Donegal Landowner Receives Large Fine for Damaging Freshwater Pearl Mussel Habitat
Date Released: Friday, July 15, 2022
A County Donegal landowner was found guilty of damaging the habitat of Freshwater Pearl Mussel and fined a total of €16,500 in Donegal District Court on 13th June 2022.
The case was brought against Mr Richard Homer of Orchard Drive, Donegal town, by the National Parks and Wildlife Service after Mr Homer had cleared vegetation, disturbed the bank of the River Eske in Milltown, Donegal and dug a number of drains to the river. This work resulted in significant sedimentation to the river. It resulted in the deaths of hundreds of Freshwater Pearl Mussels and significant stress on those that survived.
Freshwater Pearl Mussel are a critically and increasingly endangered species and are protected under both the Wildlife Act 1976 and the European Communities (Birds and Natural Habitats) Regulations 2011, which has designated the River Eske as a Special Area of Conservation (SAC) for the species. The River Eske in Donegal is one of the most important rivers in Europe for the species.
Freshwater Pearl Mussel are very vulnerable to activities that affect water quality, particularly sedimentation which will settle on the river bed, creating a physical barrier to water circulation and depriving the mussels of oxygen.
Although Mr Homer pleaded not guilty to all three separate charges against him, he was found guilty of breaching Section 23 of the Wildlife Act 1976 in that he wilfully disturbed the breeding and resting place of a protected wild animal, Section 69 of the same Act in that he used a mechanically propelled vehicle in the commissioning of an offense, and Regulation 35 of the Birds and Natural Habitats Regulations 2011 in that he caused significant damage to a European site.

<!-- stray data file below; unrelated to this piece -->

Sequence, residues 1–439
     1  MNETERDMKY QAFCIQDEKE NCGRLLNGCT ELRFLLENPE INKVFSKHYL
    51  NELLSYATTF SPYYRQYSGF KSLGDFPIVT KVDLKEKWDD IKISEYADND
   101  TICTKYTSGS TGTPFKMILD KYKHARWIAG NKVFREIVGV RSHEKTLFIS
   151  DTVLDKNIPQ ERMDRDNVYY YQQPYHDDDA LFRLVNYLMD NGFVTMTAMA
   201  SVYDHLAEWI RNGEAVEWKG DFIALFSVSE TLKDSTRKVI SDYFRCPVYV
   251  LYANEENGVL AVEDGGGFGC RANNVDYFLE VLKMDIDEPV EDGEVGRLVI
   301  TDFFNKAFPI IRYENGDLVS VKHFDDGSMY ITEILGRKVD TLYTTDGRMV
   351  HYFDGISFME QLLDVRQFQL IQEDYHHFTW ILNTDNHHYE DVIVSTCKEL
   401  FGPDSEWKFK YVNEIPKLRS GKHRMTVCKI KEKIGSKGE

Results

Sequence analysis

Mr Homer was fined €3,000 for each offense. He was also ordered to pay €2,500 towards a restoration plan for the site and €5,000 in costs.
Responding to the outcome of this case, Minister Malcolm Noonan said:
“I really welcome this conviction. Though they were once widespread in Ireland, Freshwater Pearl Mussels are now a critically endangered species and highly sensitive to environmental conditions. I’d like to acknowledge the sterling efforts and dedication of the NPWS staff involved in bringing this prosecution, and indeed the efforts of staff all around the country who successfully closed 21 prosecutions in 2021 and 20 more to date in 2022, and are currently progressing a further 48. I’d like to remind everyone that the NPWS has more rangers than ever, and that it has never been more focused – or more effective – on wildlife crime.”